A well-wrought memoir that turns simple observations and memories into powerful illustrations of grief and illness.

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THE FAMILY TOOTH

A MEMOIR

A writer recounts the emotions and memories of losing her mother and battling cancer.

“Have you ever heard a tooth smash?” Avery (The Last Nude, 2012, etc.) asks readers early on. “It’s a tiny sound, and a terrifying one.” Avery, winner of the Lambda Literary Award, offers 15 autobiographical essays about grief, death, and illness—and on almost every page includes a powerful observation, usually both tiny and terrifying. In 2011, the author received word that her mother had died, and in her essays dealing with her grief, she weaves together short, piercing moments ranging from childhood to the months after the funeral. By moving nonchronologically from her mother’s alcoholism to family Christmas fights to selling her mother’s jewelry after her death, Avery avoids simplifying her mother or their relationship, offering instead an emotionally driven and complex portrait of her family and of herself. Avery also writes about her deteriorating health, overhauling her diet, and the search for alternative treatments to fight cancer and arthritis. Months after her mother died, she was diagnosed with an autoimmune condition called reactive arthritis, and the medication she takes subsequently led to the development of a rare form of uterine cancer. By her own admission in the introduction, some of the essays, like “Goodbye Ruby,” delve deeply into the technical aspects of her conditions to help readers facing the specific health challenges she did. But even as she explains dense research and terminology or painstakingly recounts frustrating conversations with doctors, she anchors every new challenge with carefully crafted and insightful moments of everyday life. A small child interacting with a cat, a simple trip to the grocery store, or her most embarrassing struggles with menstruation take on fascinating new depth in the context of her illness. As Avery waits in a hospital at one point, she writes dryly about her thoughts with each bouquet of flowers that arrives, “You have cancer. You are getting a hysterectomy. You might die.” Her narration throughout this heavy subject matter strikes an uncanny balance between funny and sad because she has taken the time to pay attention to the details in every moment and has written about them with honesty and wisdom.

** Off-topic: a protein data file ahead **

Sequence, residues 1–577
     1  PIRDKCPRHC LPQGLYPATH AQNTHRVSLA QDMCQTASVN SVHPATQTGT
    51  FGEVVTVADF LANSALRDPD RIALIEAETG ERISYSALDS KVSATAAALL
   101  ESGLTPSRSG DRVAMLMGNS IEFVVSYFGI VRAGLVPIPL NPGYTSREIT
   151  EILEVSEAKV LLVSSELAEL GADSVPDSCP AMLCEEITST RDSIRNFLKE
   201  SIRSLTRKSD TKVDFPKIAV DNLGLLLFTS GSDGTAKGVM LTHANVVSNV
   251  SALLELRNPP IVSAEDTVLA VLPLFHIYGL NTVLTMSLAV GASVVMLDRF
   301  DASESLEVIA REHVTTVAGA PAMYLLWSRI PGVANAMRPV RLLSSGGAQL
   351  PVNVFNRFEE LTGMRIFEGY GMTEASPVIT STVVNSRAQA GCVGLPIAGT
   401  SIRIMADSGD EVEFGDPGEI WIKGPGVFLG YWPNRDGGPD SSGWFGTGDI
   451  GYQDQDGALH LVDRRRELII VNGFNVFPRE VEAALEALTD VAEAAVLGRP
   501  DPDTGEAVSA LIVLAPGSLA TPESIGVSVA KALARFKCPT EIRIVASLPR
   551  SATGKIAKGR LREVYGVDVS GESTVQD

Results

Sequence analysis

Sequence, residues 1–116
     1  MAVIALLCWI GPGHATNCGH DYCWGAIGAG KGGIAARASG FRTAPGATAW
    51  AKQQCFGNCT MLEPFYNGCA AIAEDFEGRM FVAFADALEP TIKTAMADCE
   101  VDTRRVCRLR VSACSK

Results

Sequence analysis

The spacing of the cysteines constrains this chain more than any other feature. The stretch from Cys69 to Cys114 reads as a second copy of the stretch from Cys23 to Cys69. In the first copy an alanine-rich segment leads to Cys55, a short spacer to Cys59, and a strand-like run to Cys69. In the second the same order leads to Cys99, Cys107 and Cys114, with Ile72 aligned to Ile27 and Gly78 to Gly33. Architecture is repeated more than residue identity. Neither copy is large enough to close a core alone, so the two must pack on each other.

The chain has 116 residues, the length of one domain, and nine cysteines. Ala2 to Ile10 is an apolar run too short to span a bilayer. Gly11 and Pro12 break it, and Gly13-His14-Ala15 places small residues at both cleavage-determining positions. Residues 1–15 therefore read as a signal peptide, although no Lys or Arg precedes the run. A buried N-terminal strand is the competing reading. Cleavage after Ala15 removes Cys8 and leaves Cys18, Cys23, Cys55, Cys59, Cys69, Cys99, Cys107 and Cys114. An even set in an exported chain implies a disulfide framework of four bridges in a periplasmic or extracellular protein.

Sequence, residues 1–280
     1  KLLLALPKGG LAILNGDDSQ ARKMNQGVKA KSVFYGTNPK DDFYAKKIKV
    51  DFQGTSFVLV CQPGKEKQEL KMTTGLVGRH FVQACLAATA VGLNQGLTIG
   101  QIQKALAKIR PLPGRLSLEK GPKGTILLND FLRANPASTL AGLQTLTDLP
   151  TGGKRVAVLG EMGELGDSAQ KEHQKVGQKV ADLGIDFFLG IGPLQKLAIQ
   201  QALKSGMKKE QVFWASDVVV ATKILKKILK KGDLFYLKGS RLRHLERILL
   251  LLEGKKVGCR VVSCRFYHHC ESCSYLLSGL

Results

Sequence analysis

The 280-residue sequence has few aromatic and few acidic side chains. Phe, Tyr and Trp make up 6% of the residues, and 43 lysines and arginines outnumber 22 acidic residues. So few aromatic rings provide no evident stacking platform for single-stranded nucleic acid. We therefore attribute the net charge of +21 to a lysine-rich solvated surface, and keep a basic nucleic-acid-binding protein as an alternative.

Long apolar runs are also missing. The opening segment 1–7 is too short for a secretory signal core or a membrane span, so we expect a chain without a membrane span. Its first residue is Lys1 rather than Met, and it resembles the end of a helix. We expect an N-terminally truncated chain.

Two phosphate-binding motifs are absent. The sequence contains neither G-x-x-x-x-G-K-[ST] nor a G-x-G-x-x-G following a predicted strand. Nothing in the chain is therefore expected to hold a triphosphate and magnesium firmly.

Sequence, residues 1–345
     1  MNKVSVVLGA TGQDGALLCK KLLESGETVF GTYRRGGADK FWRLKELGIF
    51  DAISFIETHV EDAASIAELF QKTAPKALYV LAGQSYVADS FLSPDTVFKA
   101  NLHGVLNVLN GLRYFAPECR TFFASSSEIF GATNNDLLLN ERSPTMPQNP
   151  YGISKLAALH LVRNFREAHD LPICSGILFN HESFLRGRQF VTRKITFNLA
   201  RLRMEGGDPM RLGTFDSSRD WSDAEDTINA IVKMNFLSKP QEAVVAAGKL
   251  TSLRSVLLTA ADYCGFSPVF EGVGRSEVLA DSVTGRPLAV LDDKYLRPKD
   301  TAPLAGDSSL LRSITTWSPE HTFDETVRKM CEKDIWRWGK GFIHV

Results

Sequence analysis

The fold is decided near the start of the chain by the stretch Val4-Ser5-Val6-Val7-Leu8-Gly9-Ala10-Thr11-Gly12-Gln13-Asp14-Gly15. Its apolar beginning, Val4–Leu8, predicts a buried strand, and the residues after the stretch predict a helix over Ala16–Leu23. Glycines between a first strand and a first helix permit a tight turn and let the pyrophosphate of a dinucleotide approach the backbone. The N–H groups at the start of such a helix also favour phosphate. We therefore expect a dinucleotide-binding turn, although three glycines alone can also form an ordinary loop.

A well-wrought memoir that turns simple observations and memories into powerful illustrations of grief and illness.

Pub Date: N/A

ISBN: N/A

Page Count: -

Publisher: Seventeen Reasons

Review Posted Online: Nov. 25, 2015

Kirkus Reviews Issue: Dec. 15, 2015

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Doyle offers another lucid, inspiring chronicle of female empowerment and the rewards of self-awareness and renewal.

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UNTAMED

More life reflections from the bestselling author on themes of societal captivity and the catharsis of personal freedom.